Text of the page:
• Saturday, April 30 – Fort Smallwood Park for spring migrants, half-day, start time 5:30 am or any time up until noon. Dave Mozurkewich will lead this field trip to Fort Smallwood park in Anne Arundel County for hawks and other spring migrants. The park is a great place to watch spring migration on days with winds from the southwest. The fun begins around sunrise. For the first few hours, thousands of songbirds can be seen flying north along the east side of the park. By about 9 AM, hawks begin to replace the songbirds and can continue throughout the day. We will take time off from the flight to search the park for warblers and flycatchers that decided to rest in the park before heading north across the Patapsco River. Meet Dave anytime after the park opens at 5:30 AM, up until noon. Be prepared to pay the $6 admission fee. Bring water and dress appropriately for the weather. For park map and directions, see https://birdersguidemddc.org/site/fort-smallwood-park/. Reservations required; email Dave at mozurk@bellatlantic.net.

  • Wednesday, May 4 – A Morning on the Patuxent: Pontoon Boat Trip with Bird Walk and Driving Tour.

    Matt Felperin has made arrangements with PG County Parks/Patuxent River Park for a morning outing on the Patuxent River, just when the migrants will be moving through and breeding birds settling in. There will be three components to this outing, and it’s possible to do all three or only one or two.

1. Pontoon Boat Trip:  A roughly two-hour trip on the Patuxent River, starting at dawn, when birds are at peak singing time. The trip will include the Jug Bay section of the river as well as Western Branch and the mouth of Railroad Creek. Target birds include Least Bittern, Marsh Wren, Prothonotary Warbler. Meet at Jackson Landing at 5:30 am.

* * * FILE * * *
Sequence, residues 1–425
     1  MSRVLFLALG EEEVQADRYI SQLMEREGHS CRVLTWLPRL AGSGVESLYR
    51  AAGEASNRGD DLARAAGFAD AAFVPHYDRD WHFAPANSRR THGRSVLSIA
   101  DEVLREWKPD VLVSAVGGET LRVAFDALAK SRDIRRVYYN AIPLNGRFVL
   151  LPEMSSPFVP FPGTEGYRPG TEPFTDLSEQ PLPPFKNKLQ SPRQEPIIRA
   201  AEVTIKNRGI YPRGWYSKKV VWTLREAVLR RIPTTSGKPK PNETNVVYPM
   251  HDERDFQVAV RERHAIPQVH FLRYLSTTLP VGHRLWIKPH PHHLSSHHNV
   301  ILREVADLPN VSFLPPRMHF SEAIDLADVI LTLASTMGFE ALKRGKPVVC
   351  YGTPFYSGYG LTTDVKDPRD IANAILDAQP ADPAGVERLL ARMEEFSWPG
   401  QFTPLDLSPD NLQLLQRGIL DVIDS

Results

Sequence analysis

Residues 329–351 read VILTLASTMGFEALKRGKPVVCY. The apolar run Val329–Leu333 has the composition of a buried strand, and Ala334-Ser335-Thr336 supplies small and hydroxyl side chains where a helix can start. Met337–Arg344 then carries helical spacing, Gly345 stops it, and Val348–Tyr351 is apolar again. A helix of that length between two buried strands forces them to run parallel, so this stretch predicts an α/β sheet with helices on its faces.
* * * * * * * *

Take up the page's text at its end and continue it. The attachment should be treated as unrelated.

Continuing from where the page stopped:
2. Bird Walk in the Black Walnut Nature Study Area: Matt will lead us on a short walk along the trails and boardwalks of the Black Walnut Study Area adjacent to the boat dock at Jackson Landing. Prothonotary Warbler breeds here and it’s a good spot for migrant warblers. Meet at parking lot for the Jackson Landing Boat Dock at 8 am.
 
3. Critical Area Driving Tour: Either by carpool or by park bus, we will take the Critical Area Driving Tour from Selby’s Landing to the Mattaponi Creek bridge, and then continue into Merkle Natural Resources Management Area. The Driving Tour provides good habitat for both orioles, Indigo Bunting, Blue Grosbeak, Wood Thrush, Summer Tanager, White-eyed Vireo, Yellow-breasted Chat, maybe Bobolink, and assorted warblers. We’ll try for rails along the way. Meet at Jackson Landing at 9 am to join for this portion, which will conclude about 11:30 am.

 

Reservations are required. Click here for the online reservation form

Deadline for reservations: Saturday, April 30. Seats are limited; preference will be given to Patuxent Bird Club and Prince George’s Audubon Society members on a first come, first served basis.

Participant fee: $6 per person; the fee covers the whole morning or any part of it. The fee is payable in cash at the meeting location; give your cash to the leader, Matt Felperin. Please bring the exact amount as Matt will not be able to make change.